“This research can help us anticipate the timing and location of possible Zika virus outbreaks in certain U.S. cities,” said NCAR scientist Andrew Monaghan, the lead author of the study. “While there is much we still don’t know about the dynamics of Zika virus transmission, understanding where the Aedes aegypti mosquito can survive in the U.S. and how its abundance fluctuates seasonally may help guide mosquito control efforts and public health preparedness.”
“Even if the virus is transmitted here in the continental U.S., a quick response can reduce its impact,” added NCAR scientist Mary Hayden, a medical anthropologist and co-author of the study.
Although the study does not include a specific prediction for this year, the authors note that long-range forecasts for this summer point to a 40-45% chance of warmer-than-average temperatures over most of the continental United States. Monaghan said this could lead to increased suitability for Aedes aegypti in much of the South and East, although above-normal temperatures would be less favorable for the species in the hottest regions of Texas, Arizona, and California.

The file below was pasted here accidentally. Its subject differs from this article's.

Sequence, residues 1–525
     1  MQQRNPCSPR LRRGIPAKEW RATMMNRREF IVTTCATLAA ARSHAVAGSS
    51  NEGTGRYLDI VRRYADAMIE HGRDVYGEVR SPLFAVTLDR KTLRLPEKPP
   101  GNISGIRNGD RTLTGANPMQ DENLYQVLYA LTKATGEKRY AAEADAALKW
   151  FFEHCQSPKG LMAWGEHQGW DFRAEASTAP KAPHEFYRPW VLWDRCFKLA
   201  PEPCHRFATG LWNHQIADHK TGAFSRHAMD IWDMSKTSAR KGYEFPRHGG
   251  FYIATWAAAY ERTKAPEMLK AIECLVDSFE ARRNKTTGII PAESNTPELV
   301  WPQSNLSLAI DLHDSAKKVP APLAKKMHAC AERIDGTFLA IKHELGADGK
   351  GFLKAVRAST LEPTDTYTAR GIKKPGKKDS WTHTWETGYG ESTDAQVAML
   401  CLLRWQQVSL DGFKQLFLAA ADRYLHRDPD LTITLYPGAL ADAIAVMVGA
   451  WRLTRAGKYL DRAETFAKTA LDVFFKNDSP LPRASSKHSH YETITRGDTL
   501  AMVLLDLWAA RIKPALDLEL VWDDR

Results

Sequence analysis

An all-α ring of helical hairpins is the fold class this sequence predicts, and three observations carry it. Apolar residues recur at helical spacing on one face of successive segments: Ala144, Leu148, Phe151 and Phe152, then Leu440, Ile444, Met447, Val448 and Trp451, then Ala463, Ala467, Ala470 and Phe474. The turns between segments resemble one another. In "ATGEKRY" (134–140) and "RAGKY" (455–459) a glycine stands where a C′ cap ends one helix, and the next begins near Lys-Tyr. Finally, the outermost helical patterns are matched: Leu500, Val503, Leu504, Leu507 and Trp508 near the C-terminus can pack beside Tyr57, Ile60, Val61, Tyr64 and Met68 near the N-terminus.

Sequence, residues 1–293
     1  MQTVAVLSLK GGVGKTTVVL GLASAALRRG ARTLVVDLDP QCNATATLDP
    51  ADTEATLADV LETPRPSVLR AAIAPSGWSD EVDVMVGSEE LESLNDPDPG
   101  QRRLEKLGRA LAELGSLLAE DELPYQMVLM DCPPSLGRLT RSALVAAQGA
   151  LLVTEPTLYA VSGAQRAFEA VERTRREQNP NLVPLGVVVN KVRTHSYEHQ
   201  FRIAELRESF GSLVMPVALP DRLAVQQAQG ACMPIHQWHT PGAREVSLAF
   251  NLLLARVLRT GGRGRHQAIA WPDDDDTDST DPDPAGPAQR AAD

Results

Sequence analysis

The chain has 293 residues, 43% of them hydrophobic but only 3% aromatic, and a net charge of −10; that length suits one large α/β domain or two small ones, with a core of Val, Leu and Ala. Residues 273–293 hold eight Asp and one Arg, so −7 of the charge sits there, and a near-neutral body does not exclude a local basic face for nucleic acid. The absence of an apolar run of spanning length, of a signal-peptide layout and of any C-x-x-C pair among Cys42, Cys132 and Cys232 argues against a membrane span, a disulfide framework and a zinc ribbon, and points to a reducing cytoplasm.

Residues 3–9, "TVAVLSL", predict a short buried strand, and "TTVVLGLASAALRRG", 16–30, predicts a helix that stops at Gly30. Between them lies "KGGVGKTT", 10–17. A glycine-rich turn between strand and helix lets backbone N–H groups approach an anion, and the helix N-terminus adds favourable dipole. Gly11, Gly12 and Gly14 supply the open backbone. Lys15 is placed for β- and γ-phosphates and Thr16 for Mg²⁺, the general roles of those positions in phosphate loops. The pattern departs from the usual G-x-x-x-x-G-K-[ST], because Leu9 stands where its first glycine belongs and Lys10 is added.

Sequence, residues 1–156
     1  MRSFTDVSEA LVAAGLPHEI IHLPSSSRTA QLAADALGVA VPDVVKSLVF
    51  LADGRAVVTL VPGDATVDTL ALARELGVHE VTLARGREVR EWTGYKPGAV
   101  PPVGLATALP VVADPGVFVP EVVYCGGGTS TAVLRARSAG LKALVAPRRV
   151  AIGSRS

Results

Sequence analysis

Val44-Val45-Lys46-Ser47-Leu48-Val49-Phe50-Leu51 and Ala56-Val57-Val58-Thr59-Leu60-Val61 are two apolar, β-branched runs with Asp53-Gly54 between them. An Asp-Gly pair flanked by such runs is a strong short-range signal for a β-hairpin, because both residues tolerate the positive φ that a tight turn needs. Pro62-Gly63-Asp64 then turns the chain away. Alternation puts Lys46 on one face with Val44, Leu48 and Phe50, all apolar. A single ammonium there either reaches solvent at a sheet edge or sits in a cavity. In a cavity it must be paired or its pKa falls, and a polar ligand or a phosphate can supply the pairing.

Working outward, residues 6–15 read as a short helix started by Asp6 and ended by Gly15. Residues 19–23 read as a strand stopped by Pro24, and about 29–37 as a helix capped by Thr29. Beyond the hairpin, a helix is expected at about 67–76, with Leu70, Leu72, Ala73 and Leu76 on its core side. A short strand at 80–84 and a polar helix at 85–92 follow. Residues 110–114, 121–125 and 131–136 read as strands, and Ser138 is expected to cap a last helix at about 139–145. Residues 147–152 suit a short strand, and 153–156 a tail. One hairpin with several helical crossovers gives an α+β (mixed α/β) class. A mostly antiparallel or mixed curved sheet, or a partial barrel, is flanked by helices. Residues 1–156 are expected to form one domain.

Monaghan stressed that, even if Zika establishes a toehold in the mainland United States, it is unlikely to spread as widely as in Latin America and the Caribbean. This is partly because a higher percentage of Americans live and work in air-conditioned and largely sealed homes and offices.
The study was published today in the peer-reviewed journal PLOS Currents Outbreaks. It was funded by the National Institutes of Health, NASA, and the National Science Foundation (NSF), which is NCAR’s sponsor. It was co-authored by scientists at the NASA Marshall Space Flight Center, North Carolina State University, Maricopa County Environmental Services Vector Control Division, University of Arizona, and Durham University.